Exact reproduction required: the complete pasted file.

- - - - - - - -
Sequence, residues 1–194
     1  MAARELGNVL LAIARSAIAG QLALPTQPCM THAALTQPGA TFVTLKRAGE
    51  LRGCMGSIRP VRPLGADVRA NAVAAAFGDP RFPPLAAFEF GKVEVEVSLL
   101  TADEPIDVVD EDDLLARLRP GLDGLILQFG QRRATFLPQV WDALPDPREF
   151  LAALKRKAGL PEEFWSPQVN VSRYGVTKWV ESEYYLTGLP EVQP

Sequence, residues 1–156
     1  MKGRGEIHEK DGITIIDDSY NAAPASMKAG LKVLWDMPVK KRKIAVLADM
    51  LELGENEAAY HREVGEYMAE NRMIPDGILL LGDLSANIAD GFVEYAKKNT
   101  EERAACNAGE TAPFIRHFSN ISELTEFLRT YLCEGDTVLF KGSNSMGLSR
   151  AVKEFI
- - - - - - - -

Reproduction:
Sequence, residues 1–194
     1  MAARELGNVL LAIARSAIAG QLALPTQPCM THAALTQPGA TFVTLKRAGE
    51  LRGCMGSIRP VRPLGADVRA NAVAAAFGDP RFPPLAAFEF GKVEVEVSLL
   101  TADEPIDVVD EDDLLARLRP GLDGLILQFG QRRATFLPQV WDALPDPREF
   151  LAALKRKAGL PEEFWSPQVN VSRYGVTKWV ESEYYLTGLP EVQP

Sequence, residues 1–156
     1  MKGRGEIHEK DGITIIDDSY NAAPASMKAG LKVLWDMPVK KRKIAVLADM
    51  LELGENEAAY HREVGEYMAE NRMIPDGILL LGDLSANIAD GFVEYAKKNT
   101  EERAACNAGE TAPFIRHFSN ISELTEFLRT YLCEGDTVLF KGSNSMGLSR
   151  AVKEFI